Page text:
What is Wilmington’s big play, in becoming a desirable site for a company to consider?

“The Wilmington area’s great asset is its lifestyle,” Wilmington City Councilman Paul Lawler said. “Raleigh has government. Charlotte has a bigger airport and a depth of business in many categories. The Triangle has major universities and a host of related skills. The Triad has highways and convenient transportation to major markets. We have a very desirable place to live, and that’s important for businesses hiring people who want and can demand a great lifestyle. It’s our ace.”

But is that ace enough?

“Quality of life is important to us because we live here but not as much to a CEO or shareholder in another state or country. Profitability and ease of doing business are high on their list,” Jones said. “Quality of life matters to the company only in its effect on the company’s ability to attract talent.

“So what are the financial reasons companies might want to be here?” Jones added.

“Location close to a market, or close to a supplier, or a good quality labor force at a reasonable price. How these factors fit together differs by company.”

Companies with inexpensive transportation costs, such as software or app companies, can locate anywhere, so they’re primarily looking for quality talent, Jones said.

“Other companies with high transport costs, think Styrofoam plates, which are mostly air and relatively expensive to ship, will want to locate close to their markets – less likely to be Wilmington because of our coastal location,” he said.

The area’s geographic limitations also can play a factor, Spinks said.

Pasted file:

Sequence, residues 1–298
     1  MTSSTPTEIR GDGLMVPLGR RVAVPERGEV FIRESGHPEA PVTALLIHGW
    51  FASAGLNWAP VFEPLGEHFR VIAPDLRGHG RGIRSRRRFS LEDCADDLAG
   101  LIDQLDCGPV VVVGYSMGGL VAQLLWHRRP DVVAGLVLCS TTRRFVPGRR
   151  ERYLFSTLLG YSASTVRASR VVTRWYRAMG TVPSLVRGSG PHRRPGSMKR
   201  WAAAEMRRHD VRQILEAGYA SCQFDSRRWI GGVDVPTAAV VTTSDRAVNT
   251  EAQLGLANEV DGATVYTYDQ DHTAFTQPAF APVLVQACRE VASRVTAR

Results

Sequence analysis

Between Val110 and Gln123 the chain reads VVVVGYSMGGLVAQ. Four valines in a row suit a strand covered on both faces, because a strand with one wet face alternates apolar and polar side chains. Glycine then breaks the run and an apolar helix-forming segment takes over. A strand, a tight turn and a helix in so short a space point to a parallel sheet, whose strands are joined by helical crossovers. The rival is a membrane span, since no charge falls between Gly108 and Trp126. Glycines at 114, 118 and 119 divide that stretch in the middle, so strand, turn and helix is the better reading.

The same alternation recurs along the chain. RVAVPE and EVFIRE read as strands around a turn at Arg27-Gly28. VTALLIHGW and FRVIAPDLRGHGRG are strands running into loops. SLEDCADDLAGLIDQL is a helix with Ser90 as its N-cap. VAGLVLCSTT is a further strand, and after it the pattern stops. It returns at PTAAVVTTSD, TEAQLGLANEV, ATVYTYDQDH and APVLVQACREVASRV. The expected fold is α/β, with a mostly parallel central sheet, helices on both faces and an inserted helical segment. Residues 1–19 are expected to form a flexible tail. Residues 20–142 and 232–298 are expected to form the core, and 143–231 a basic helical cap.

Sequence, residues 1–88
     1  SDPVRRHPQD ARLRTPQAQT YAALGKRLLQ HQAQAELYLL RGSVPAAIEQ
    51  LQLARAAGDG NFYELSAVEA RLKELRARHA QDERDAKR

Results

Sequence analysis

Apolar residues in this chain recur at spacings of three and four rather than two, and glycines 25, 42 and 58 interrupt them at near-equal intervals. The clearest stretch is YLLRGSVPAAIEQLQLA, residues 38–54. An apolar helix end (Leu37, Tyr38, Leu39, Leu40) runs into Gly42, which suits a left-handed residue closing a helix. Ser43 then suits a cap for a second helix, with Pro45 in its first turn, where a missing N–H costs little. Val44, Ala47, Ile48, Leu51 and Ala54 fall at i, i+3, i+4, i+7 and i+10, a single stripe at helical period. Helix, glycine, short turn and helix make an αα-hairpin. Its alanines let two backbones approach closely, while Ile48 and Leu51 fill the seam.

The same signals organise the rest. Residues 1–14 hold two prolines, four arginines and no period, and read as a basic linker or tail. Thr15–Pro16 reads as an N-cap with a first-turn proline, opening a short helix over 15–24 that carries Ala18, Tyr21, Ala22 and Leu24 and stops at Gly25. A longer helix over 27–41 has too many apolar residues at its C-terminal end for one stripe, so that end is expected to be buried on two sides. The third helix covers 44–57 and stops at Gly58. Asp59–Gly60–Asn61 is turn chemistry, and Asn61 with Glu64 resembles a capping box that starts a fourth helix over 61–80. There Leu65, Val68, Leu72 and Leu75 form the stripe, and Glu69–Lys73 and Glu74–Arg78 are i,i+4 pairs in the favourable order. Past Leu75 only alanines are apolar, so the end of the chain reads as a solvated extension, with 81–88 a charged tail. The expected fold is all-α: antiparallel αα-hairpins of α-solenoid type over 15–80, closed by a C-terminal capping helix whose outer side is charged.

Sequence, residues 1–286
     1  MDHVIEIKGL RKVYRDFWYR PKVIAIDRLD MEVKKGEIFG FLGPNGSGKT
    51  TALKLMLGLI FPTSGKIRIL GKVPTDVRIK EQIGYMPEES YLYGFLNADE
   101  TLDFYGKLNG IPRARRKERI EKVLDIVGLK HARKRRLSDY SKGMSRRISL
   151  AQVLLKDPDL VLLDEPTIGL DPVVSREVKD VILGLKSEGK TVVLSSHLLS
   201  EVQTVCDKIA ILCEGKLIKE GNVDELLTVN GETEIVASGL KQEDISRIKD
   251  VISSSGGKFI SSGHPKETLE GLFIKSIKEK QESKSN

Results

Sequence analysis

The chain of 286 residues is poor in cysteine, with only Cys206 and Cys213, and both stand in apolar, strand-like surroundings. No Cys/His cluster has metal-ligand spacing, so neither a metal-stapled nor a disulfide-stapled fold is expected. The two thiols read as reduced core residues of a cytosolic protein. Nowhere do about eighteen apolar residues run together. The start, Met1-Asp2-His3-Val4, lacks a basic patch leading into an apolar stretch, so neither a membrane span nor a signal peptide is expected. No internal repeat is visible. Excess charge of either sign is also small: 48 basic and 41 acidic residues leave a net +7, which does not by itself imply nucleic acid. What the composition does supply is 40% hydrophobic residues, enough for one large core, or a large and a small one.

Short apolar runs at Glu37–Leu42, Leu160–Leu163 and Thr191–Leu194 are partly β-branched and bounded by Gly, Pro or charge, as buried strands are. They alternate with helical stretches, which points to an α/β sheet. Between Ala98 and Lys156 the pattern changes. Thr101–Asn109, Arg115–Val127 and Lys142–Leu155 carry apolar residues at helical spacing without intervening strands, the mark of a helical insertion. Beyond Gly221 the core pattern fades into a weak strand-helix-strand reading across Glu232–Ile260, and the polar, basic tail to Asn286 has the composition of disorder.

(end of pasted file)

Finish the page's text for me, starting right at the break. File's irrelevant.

“You also have to realize if it’s a market-based project, consumer-oriented, then you can’t be on the coast because half your market, your geography is the ocean,” said
Spinks, who has been in the site selection field since the 1970s.

“For someone to be interested in Wilmington, they are really going to have to need something specific that is in this area. That eliminates a huge number of companies that might be looking. That has to be a real reason to come to the coast.

“That makes us a lot less competitive than a Raleigh or Greensboro or even an Asheville, which has geography that has a full radius,” she added.

Ultimately, according to Lawler, it’s a game of elimination.

“It’s important to appreciate that economic development is really a process of elimination,” Lawler said. “Companies identify their requirements and then eliminate the communities that don’t meet those needs. Need a certain size airport? Eliminate all communities without that airport. Need a certain skill set in the workforce? Eliminate all communities that don’t have that skill set. Finally, they get down to the communities that meet all their needs.”